Fans of Crouching Tiger, Hidden Dragon would recognize the slicing sound now swishing through the cloistered corridors of Britain's publicly-funded broadcaster, the BBC.

But it is not the sinister swoosh of the Wushu kwan that fills the air but the sound of cleaved costs as BBC executives seek to redraw the bottom line by lopping up to one-third from the corporation's annual overheads.

With certain elements in the Blair administration determined to settle old scores with the inconveniently independent broadcaster -- and its ten-year Royal Charter currently up for review -- the BBC is desperately trying to put its house in order, according to Tuesday's Financial Times.

The FT reports that monetarists within the BBC are trying to slash up to one third from the media giant's overheads, reducing them from 18% of income to 12% -- a move that could save £100 million ($183m; €148.7m) annually.

Newly appointed director general Mark Thompson had scarcely warmed the seat of his chair when he announced he was seeking a ten percent cut in overheads during the next charter period which begins (if it is renewed) in 2007.

The BBC's board of executive directors will review the proposed savings this week and discussions are expected to centre for the first time around the efficiency of programme spending. One insider told the FT that staff redundancies are inevitable and could be substantial.

On Monday former BBC chairman and ex-Blair protégé Gavyn Davies bit the hand that shoehorned him into (and out of) the job, accusing the government of a "witch-hunt" against the corporation last year following publication of the pro-administration Iraq war whitewash known as the Hutton Report.

As the one-time chief economist at Goldman Sachs London, Davies is no fiscal innocent and his built-in radar will have detected the nature of the government brief handed both to his successor, Michael Grade, and the new director general.

• At the same time, yet another government-commissioned review of the BBC (more specifically its online activities which have come under heavy fire from commercial rivals -- in particular Time Warner's America Online) has been handed-in by its author Philip Graf, the retired chief executive of Britain's largest newspaper group Trinity Mirror.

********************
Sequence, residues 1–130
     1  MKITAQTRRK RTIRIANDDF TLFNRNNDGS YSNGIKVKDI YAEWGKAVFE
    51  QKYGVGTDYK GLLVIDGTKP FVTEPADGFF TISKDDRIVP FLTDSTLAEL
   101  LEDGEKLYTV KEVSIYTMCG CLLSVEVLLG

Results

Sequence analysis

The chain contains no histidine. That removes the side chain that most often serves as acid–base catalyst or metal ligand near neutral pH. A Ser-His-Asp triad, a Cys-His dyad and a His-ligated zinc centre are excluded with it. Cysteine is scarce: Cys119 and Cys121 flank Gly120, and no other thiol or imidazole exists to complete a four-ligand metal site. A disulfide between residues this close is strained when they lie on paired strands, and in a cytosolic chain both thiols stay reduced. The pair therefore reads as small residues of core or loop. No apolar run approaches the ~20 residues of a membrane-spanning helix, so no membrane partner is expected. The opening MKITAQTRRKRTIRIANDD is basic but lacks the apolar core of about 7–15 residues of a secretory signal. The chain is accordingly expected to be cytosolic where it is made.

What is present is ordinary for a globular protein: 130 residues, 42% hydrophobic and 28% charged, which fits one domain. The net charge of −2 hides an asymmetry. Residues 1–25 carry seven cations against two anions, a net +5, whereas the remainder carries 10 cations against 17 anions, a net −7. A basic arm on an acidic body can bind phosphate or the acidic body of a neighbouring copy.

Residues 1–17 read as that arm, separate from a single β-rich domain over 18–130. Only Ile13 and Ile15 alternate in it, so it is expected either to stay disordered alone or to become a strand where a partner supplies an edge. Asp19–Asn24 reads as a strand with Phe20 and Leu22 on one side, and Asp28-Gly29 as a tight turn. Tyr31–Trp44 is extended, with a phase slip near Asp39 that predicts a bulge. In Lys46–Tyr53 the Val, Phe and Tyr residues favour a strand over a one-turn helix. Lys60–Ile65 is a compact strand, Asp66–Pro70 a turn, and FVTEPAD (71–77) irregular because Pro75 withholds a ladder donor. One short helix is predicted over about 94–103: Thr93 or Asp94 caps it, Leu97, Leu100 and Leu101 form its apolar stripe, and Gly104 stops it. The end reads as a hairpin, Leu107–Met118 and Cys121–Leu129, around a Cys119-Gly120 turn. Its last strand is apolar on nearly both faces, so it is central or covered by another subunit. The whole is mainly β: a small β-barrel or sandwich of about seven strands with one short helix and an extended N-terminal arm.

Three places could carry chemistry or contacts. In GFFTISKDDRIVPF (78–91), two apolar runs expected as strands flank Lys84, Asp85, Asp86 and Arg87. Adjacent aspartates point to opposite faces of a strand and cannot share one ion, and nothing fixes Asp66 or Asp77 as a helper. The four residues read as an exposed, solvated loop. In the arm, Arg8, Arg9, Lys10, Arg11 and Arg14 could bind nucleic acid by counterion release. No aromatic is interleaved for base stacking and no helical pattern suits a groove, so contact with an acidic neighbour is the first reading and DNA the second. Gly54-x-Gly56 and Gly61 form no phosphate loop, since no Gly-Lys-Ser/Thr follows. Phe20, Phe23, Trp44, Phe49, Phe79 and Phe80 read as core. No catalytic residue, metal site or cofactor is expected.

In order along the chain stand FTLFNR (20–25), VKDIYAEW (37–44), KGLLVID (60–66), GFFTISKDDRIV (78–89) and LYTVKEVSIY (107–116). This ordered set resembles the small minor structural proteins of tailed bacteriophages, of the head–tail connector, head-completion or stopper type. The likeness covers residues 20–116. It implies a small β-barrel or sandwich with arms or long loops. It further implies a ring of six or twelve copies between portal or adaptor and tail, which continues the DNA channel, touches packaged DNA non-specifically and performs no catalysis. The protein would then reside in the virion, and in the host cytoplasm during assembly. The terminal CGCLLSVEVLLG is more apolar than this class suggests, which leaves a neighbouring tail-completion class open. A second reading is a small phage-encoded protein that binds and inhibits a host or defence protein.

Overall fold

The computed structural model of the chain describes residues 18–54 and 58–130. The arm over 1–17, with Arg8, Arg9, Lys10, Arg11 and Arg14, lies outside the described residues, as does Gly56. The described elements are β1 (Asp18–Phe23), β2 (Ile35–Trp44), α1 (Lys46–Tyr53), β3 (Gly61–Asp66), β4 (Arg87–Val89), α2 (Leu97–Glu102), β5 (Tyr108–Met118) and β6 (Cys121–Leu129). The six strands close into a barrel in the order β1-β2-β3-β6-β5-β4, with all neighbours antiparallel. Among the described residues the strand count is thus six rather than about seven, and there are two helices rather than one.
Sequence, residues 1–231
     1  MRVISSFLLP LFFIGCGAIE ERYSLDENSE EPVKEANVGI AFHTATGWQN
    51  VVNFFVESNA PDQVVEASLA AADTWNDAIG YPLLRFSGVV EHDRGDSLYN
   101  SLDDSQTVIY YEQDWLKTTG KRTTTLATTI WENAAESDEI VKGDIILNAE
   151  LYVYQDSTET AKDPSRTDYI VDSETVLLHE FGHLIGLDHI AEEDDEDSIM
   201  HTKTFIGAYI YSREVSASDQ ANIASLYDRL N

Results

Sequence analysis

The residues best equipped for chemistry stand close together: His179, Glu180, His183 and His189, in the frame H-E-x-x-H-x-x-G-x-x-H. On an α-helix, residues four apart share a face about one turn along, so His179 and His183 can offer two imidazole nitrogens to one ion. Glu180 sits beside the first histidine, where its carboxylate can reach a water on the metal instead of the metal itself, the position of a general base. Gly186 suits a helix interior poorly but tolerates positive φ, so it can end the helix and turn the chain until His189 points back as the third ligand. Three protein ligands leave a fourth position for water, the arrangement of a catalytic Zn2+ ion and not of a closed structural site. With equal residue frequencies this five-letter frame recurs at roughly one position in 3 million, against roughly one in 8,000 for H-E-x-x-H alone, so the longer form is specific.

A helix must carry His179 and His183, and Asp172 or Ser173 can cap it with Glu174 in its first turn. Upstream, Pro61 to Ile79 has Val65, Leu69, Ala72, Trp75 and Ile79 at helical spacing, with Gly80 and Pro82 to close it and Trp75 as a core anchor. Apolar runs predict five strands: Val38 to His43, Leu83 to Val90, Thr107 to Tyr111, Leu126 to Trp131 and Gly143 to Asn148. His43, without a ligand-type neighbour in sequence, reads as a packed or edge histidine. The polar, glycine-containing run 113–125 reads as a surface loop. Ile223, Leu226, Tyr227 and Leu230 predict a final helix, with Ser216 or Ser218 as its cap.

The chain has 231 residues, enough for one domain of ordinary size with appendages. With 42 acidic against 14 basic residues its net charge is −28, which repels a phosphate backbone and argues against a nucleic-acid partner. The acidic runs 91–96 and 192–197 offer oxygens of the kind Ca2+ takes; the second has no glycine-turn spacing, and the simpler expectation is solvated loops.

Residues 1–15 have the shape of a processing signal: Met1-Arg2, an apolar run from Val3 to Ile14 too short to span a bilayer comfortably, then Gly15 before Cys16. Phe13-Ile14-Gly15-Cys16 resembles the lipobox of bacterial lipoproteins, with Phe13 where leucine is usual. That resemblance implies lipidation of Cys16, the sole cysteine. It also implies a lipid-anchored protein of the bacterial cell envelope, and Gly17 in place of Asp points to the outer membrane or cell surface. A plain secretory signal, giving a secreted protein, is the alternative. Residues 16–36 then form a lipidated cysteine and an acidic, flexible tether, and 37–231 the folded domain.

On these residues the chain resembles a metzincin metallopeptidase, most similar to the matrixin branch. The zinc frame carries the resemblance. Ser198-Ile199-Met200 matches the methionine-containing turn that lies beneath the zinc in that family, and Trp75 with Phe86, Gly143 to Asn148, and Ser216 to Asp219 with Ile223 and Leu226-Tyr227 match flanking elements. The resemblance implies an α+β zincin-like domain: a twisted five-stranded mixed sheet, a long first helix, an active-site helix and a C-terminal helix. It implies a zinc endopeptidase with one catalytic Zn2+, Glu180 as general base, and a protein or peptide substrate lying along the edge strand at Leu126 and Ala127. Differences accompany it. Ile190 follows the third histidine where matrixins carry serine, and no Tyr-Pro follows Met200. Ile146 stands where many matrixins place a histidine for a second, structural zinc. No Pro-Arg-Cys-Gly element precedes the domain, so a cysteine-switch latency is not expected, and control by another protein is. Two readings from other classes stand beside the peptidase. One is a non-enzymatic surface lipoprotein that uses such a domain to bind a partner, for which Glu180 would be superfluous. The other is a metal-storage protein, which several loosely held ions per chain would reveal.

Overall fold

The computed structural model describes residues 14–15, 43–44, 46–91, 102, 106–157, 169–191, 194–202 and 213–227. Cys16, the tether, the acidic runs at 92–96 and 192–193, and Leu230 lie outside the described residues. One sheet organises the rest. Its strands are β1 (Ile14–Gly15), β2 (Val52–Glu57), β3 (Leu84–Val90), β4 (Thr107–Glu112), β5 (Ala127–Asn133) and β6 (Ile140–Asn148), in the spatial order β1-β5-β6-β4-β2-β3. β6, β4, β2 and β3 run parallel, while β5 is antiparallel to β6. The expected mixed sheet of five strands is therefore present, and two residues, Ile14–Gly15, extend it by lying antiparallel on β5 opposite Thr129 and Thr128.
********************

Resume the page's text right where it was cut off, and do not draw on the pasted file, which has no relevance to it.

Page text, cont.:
It is understood that his report urges that BBC Online's remit and objectives be clearly defined around public purposes. Furthermore, the regulation of its online services should be reinforced by the appointment of two governors, one of whom must have new-media expertise.

Overall, however, Graf's report appears to be both impartial and constructive. He concludes that BBC Online delivers high-quality material, at the same time noting that "there is a lot of public affection for the service".

"There are, however, a number of changes which could improve the experience for users, deliver efficiency and ensure that the site effectively reflects BBC Online's priorities."

The Graf report received a diplomatic welcome from Ashley Highfield, BBC director of new media and technology, who said it would be considered thoroughly.

He called it: "A solid foundation to build on, especially when taken together with the BBC's vision, as outlined in our recent Building Public Value document, to play a key role in the creation of a fully digital Britain.

It is not known if the report's full content will be publicly available.

Data sourced from: BrandRepublic (UK); additional content by WARC staff